Nation reporter Scahill manages to move beyond providing a detailed history of the various scandals Blackwater—now Academi—found itself mired in during the Bush era. He highlights obstacles to accountability posed by the privatization of combat. The pecuniary incentive to support violent policies and politicians that results from the government’s patronage of groups like Blackwater is certainly not lost on him either. Additionally, Scahill manages to provide compelling, cursory accounts of the brutality of the Iraq War, the Bush administration’s shameful attempts to stifle the independent journalism of Al-Jazeera, and a discussion on the oil politics of the Caspian. All this and I still have a third of the book to go!
Gizelle Lugo, Queens, NY
Winner-Take-All Politics: How Washington Made the Rich Richer—and Turned Its Back on the Middle Class, by Jacob S. Hacker & Paul Pierson
Among my parting gifts from my internship at Simon & Schuster is a host of books that I hope to get to before the year is out. The one I’m tackling at the moment is Winner-Take-All Politics. Now, more than ever, it’s an ideal read given the disparity of wealth in this country, the current climate post–Citizen’s United, the student debt crisis and the increased activity among social movements who have had it with the status quo. People are frustrated, and while the majority have some semblance of an idea as to how we got to this point, Hacker & Pierson offer concrete theories and examples as a result of their meticulous research on the issue. What’s great about their delivery is the fact that it’s accessible; they ease the reader into each theory and argument without getting too technical. And while they do get heavy-handed with the oversimplifications at times, I personally prefer skipping three “setting the scene” sentences over suffering from a conniption trying to grasp dense economic terminology. Like I said, a good layperson’s read for those of us who are just getting our feet wet with regard to the inner workings of the economy and how its relationship with politics has defined the class system we have today.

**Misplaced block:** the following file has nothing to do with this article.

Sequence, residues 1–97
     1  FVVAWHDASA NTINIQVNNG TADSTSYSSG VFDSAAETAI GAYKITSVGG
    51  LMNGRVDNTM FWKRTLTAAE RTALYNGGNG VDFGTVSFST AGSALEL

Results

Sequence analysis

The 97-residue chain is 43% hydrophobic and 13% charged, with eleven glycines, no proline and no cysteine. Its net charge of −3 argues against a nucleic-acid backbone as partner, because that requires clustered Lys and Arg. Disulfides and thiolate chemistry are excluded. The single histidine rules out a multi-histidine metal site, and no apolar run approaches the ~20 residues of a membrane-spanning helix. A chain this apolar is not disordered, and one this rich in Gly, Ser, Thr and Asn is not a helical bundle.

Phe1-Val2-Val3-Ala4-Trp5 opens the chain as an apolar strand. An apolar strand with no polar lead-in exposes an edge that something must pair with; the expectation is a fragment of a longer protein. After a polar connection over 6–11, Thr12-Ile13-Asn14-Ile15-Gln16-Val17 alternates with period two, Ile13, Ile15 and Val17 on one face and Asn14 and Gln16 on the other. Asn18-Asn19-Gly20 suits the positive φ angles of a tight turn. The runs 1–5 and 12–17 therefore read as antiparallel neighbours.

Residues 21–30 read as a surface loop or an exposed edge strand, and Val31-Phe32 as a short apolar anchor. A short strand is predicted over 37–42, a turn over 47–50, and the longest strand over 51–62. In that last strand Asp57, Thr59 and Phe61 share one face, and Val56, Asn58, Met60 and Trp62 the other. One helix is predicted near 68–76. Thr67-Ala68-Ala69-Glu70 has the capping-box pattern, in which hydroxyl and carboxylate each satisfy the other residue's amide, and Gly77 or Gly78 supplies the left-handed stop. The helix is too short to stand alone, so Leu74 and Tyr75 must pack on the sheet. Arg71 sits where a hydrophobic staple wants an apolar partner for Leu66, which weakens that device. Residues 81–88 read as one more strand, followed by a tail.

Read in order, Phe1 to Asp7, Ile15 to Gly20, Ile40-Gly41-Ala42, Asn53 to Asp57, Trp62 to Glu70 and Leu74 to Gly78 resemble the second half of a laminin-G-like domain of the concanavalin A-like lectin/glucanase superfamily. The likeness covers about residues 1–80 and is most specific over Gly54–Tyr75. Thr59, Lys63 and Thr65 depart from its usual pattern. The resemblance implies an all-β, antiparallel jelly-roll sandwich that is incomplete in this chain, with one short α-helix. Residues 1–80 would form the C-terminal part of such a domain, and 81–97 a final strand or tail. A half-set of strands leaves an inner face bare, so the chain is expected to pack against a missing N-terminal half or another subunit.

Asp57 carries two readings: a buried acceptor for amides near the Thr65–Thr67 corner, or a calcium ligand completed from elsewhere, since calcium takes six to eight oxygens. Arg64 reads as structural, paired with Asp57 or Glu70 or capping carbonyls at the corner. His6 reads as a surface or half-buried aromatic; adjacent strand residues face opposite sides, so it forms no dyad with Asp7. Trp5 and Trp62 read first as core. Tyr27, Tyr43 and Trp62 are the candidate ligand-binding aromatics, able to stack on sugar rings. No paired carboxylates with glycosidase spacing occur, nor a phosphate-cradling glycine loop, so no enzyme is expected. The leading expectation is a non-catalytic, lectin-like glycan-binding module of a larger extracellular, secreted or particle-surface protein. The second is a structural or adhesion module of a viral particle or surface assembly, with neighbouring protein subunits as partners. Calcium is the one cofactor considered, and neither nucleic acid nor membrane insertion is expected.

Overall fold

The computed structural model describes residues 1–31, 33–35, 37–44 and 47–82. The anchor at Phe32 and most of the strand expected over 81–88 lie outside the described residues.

Marisa Carroll, Chicago, IL
Big Sex Little Death: A Memoir, by Susie Bright
Writer, feminist sex educator and performer Susie Bright’s memoir opens with a challenge: “How does a woman, an American woman born in mid-century, write a memoir? The chutzpah and the femmechismo needed to undertake the project go against the apron.” In Big Sex Little Death, Bright’s chutzpah arises from some combination of womanhood, sex, socialism, death and a wild band of Teamsters. Thrillingly fast-paced and clever, Bright’s memoir also breathes, granting the author and reader space to absorb her prose.
Soumya Karlamangla, Thousand Oaks, CA
A House for Mr. Biswas, by V. S. Naipaul
I was supposed to read this book for one of my classes last year but never got around to it, so I’m reading it now. I remember my professor saying that it’s frequently considered to be some of the best prose of the twentieth century and, so far, I’m really enjoying the writing. Admittedly, the story itself is depressing, but in the most delightful way.